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1865 October 7: Horace Greeley in Prescott, Repairing Petersburg, and Other News

October 8, 2015

From The Prescott Journal of October 7, 1865.


Married at River Falls, on the 3d. inst., by Rev. A. Gibson [Arrington Gibson], Mr. ALLEN HIGGINS, Serg’t Major 33d Reg. Wis. Volunteers, Kenosha, Wis., and Miss ROSANA FARNSWORTH, of River Falls, Wis.

Finger002  HORACE GREELY spoke here last Saturday evening.  It was late before he arrived, but a large audience collected to see the veteran journalist and politician.


— Major General Banks has made his final adieu to New Orleans.  [Nathaniel P. Banks]

Jefferson Davis has received the present of a case of choice liquor from some friends in Richmond.  He can now “drown his sorrows in the flowing bowl.”

— It is estimated that the sum of fifteen thousand dollars will be required to put the streets of Petersburg, Va., in order.

— The bloodhounds Hero and Jack, used to guard Union prisoners at Richmond and Andersonville, have been bought by George K. Goodwin of Boston, for $1,400.

—Letters recently received from the family of Judge Bates, late Attorney General, represent the health of that distinguished gentleman to be such as to create the most serious apprehensions.  [Edward Bates]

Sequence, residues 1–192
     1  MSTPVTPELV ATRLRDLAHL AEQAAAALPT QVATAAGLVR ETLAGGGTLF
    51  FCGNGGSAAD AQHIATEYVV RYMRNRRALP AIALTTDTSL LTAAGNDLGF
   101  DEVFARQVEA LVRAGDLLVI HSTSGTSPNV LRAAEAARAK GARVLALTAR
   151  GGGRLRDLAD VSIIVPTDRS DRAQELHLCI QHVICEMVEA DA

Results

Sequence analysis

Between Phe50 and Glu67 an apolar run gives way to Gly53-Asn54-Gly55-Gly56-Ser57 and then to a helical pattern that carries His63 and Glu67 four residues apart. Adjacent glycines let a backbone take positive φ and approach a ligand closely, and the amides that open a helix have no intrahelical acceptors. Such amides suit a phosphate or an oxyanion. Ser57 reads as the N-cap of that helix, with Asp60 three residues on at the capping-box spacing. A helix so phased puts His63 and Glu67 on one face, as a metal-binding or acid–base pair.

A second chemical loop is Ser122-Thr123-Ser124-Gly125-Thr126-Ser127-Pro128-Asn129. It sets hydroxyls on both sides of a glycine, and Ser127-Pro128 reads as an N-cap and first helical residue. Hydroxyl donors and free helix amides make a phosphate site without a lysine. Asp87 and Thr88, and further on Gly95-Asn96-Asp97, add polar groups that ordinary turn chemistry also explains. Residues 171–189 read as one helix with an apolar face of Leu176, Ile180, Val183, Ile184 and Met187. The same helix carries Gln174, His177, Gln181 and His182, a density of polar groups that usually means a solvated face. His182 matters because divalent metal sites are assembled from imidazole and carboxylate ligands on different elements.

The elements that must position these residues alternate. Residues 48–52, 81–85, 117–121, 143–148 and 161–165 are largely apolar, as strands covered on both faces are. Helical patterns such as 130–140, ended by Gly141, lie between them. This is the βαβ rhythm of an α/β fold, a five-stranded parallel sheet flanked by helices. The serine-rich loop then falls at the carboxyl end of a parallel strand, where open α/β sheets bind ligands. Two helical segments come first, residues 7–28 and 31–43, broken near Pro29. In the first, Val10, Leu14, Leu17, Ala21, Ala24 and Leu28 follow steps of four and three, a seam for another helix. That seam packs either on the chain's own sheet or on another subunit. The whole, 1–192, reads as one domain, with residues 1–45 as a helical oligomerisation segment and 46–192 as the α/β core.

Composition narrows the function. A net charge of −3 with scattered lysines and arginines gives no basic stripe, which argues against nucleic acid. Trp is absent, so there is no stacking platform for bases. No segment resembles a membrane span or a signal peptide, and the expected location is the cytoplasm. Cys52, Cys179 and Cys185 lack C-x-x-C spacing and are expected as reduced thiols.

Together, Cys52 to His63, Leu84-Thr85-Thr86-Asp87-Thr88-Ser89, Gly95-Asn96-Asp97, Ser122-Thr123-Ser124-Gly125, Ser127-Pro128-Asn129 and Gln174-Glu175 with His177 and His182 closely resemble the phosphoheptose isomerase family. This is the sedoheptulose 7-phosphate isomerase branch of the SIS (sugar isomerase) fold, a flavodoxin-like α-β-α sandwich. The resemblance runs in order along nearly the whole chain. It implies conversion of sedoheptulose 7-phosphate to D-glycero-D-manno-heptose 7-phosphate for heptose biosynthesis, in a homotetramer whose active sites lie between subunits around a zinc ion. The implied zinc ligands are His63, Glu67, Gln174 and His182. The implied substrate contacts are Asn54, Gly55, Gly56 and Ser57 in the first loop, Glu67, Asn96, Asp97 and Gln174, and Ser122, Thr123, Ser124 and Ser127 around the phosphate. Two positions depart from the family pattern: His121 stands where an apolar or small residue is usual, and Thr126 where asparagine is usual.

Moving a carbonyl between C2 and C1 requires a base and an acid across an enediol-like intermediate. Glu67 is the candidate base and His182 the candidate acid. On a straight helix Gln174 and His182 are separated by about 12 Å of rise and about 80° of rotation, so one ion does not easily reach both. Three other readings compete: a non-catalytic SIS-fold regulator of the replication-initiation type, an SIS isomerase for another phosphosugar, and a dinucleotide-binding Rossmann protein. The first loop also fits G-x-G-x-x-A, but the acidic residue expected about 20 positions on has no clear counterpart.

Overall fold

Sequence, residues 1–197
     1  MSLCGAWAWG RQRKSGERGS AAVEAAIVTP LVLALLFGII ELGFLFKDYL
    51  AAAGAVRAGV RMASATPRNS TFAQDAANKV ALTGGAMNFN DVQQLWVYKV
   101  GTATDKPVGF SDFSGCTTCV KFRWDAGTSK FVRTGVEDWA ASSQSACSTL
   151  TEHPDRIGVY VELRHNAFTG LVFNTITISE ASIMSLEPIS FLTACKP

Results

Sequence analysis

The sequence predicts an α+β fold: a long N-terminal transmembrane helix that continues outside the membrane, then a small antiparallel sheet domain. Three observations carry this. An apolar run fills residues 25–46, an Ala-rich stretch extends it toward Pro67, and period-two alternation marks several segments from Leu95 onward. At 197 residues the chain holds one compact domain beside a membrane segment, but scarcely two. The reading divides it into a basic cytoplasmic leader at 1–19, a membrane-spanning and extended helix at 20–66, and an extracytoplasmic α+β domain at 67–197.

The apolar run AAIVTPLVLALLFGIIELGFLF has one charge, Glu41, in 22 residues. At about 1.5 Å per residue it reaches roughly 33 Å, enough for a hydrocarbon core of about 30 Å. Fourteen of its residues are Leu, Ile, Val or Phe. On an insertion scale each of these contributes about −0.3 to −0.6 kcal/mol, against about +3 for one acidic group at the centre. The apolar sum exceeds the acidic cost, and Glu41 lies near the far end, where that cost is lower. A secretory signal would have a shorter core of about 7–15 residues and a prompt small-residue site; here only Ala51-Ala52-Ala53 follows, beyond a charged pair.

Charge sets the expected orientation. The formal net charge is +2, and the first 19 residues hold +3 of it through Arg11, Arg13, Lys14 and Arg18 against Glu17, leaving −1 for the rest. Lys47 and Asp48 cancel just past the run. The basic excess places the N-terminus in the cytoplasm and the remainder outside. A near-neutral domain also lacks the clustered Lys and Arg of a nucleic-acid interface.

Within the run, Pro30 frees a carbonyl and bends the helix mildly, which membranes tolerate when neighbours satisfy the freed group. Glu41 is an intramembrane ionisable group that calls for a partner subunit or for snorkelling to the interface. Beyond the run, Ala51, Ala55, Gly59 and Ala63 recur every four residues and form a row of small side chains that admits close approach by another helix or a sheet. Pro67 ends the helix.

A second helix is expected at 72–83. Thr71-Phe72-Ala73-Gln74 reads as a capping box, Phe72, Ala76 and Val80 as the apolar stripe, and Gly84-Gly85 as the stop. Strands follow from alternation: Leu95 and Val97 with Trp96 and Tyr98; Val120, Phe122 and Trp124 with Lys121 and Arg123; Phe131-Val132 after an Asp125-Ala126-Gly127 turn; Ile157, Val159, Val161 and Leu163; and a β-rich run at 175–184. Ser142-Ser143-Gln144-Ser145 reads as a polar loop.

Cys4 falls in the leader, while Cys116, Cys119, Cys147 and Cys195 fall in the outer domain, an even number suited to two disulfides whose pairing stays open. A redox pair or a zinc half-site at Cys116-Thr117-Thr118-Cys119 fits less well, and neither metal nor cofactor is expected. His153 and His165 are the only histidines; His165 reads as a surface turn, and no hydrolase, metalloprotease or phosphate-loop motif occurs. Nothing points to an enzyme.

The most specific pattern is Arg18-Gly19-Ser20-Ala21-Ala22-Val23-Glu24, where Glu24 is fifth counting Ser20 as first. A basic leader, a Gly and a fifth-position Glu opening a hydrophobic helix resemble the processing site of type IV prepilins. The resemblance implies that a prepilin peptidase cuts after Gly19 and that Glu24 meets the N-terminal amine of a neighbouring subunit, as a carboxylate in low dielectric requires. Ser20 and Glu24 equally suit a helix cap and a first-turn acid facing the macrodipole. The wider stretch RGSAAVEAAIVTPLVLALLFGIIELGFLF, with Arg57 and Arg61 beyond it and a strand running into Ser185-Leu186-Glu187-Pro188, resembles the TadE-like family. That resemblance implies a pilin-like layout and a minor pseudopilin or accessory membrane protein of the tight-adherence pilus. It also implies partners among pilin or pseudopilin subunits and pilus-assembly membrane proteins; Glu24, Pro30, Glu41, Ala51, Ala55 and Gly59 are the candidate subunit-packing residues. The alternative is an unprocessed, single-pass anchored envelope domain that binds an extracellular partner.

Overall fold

— It is but little known that the first anti-slavery paper started in the United States was published in East Tennessee.  It was called The Emancipator, and published at Greenville, the home of President Johnson, by Benjamin F. Lundy, a Friend in religious faith, and a native of Belmont county, Ohio.

— Brig. Gen. James P. Brownlow, son of the Tennessee “Parson,” is to be married to a daughter of Dr. Cliff of Frankfort.  President Johnson is expected to be present at the wedding.  [William G. “Parson” Brownlow, Andrew Johnson]

— A correspondent describes Provisional Governor Sharkey, of Mississippi, as being the embodiment of conservatism.  His spinal column is proverbially week, he is a pliable as a lump of dough, is immensely gullible, and slightly bibulous.  [William L. Sharkey]

—The Claremont N. H. Advocate says, a lady in Unity, not long since became the mother of a fine daughter.  A few days after, a copperhead neighbor happening in, said to the mother, “Well, I suppose you will call it Abe Lincoln.”  “No,” she replied; “I am sorry I can’t.  Like your friend Jeff. [Jefferson Davis] it will wear petticoats.”  Copperhead vamoosed.

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